People of the Land II: Sustaining Agriculture on American Indian Lands in the Four-Corners Region

Final Report for EW11-006

Project Type: Professional Development Program
Funds awarded in 2011: $71,057.00
Projected End Date: 12/31/2013
Region: Western
State: Nevada
Principal Investigator:
Staci Emm
University of Nevada Cooperative Extension
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Project Information

Abstract:

This professional development program involves American Indian agricultural producers from the four-corners region from start to finish in the planning, design, implementation and educational outreach to satisfy human food and fiber needs on American Indian reservation lands. This program will increase agricultural professionals’ knowledge, skills and action related to American Indian sustainable agriculture. Sustaining the economic viability of American Indian agricultural operations and their communities on American Indian reservations requires agricultural professionals to learn how to develop outreach plans that enhance quality of life for Indian farmers and ranchers and society as a whole.

Project Objectives:

This professional development program led by the University of Nevada Cooperative Extension had three primary objectives.

  1. Increase the knowledge, skills and actions of USDA and other agricultural and natural resource professionals regarding the cultural, social, political and economic environment relevant to developing sustainable agricultural operations in reservation environments.
  2. Sustain the economic viability of American Indian agricultural operations in the four-corners region (four states) through implementation of USDA programs.
  3. Increase the ability of agricultural professionals to develop effective outreach plans to better fit the needs of a particular reservation environment, tribal culture, and individual Indian agricultural producer.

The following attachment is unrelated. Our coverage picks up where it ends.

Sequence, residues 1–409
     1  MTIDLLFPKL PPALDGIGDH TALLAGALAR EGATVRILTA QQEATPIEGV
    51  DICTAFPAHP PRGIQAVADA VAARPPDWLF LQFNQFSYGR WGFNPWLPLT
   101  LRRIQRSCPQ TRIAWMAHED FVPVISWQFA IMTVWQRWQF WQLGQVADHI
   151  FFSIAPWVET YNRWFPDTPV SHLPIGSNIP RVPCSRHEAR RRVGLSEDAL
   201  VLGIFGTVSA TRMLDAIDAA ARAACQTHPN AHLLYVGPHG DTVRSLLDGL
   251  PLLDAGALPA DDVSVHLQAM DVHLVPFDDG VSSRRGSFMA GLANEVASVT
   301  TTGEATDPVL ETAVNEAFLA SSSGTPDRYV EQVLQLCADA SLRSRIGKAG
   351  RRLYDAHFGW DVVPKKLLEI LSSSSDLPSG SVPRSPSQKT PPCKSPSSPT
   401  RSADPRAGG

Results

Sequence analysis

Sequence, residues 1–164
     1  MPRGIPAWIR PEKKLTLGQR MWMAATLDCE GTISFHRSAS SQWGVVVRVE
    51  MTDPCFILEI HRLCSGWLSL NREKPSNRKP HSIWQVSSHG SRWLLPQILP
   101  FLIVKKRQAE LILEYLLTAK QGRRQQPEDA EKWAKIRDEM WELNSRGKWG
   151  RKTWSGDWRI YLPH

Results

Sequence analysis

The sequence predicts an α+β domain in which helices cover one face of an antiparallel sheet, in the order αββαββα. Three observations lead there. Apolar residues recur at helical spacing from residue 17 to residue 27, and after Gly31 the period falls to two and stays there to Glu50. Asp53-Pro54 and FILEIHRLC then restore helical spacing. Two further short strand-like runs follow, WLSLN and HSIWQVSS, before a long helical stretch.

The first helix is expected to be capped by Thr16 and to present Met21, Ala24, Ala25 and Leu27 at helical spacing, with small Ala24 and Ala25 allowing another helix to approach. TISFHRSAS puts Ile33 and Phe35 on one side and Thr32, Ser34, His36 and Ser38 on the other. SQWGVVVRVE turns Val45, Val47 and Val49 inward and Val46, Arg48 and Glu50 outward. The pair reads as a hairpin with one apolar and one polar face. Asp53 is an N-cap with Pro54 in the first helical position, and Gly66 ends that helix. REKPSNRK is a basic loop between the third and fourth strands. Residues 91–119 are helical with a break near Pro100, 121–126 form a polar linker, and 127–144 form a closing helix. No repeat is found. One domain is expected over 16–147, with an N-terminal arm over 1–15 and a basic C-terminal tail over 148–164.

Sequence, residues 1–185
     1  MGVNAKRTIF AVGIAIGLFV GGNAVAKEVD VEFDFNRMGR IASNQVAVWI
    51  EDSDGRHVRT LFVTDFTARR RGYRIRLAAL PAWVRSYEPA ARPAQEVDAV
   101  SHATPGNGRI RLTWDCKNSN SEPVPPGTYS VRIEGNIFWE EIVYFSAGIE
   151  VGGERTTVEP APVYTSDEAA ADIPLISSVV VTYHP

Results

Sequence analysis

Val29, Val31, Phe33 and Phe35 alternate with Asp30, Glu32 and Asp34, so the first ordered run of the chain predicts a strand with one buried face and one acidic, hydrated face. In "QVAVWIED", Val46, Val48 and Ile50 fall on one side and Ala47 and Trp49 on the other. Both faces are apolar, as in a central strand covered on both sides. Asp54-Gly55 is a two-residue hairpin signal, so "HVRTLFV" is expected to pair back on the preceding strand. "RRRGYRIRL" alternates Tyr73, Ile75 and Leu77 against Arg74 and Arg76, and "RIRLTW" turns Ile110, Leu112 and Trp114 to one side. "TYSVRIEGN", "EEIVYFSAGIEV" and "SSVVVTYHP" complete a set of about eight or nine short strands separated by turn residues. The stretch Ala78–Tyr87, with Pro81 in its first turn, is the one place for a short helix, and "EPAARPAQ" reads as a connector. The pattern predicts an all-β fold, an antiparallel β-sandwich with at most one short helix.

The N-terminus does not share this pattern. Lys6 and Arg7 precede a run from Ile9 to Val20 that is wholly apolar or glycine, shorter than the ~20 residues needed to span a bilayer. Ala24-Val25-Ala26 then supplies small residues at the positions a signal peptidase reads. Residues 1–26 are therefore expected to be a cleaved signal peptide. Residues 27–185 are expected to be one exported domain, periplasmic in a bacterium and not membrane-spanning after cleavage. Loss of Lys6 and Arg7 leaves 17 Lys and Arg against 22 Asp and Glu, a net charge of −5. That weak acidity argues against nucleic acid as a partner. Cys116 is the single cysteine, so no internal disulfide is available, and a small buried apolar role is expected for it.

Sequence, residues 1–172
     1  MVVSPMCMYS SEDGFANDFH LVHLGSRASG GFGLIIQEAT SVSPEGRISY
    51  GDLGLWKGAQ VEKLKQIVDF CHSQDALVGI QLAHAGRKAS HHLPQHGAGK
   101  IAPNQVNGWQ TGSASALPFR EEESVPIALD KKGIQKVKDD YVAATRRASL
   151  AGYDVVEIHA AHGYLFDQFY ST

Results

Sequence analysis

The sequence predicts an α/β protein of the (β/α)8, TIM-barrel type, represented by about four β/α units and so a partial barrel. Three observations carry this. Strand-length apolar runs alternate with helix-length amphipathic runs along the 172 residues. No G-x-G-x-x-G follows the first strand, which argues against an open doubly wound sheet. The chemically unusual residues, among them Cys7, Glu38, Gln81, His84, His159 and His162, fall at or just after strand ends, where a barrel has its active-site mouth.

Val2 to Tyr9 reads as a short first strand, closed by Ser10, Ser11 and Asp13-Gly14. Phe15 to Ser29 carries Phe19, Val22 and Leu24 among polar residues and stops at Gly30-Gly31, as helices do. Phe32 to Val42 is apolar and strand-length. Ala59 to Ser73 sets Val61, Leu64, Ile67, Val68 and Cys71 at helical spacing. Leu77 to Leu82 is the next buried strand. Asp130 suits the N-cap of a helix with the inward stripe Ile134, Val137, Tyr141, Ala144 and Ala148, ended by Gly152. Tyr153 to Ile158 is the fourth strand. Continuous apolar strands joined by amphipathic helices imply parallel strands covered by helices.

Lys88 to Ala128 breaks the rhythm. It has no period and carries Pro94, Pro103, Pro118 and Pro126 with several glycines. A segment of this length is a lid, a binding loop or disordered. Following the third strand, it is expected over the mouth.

Introduction:

This Western Region Sustainable Agriculture Research and Education (SARE) professional development program proposal addresses the educational needs of agricultural and natural resource professionals working with American Indian agricultural producers, specifically in the four-corners region, which includes Arizona, New Mexico, Colorado, and Utah.  While almost every reservation works with a USDA agency and agricultural and natural resource professionals, most outreach programs are not tailored to the special challenges facing American Indian agricultural producers. 

This professional development program addressed the anticipated knowledge gap between needs identified by producers and tribes and the USDA. Closing this knowledge gap helps agricultural professionals identify, develop, refine, and implement American Indian educational outreach programs that are better tailored to address the needs of tribal agricultural producers and environmental and natural resource tribal managers on reservation lands. The purpose of creating an educational program based on this type of applied research is to increase the capacity and efficacy of agricultural professionals to work with American Indian agricultural producers.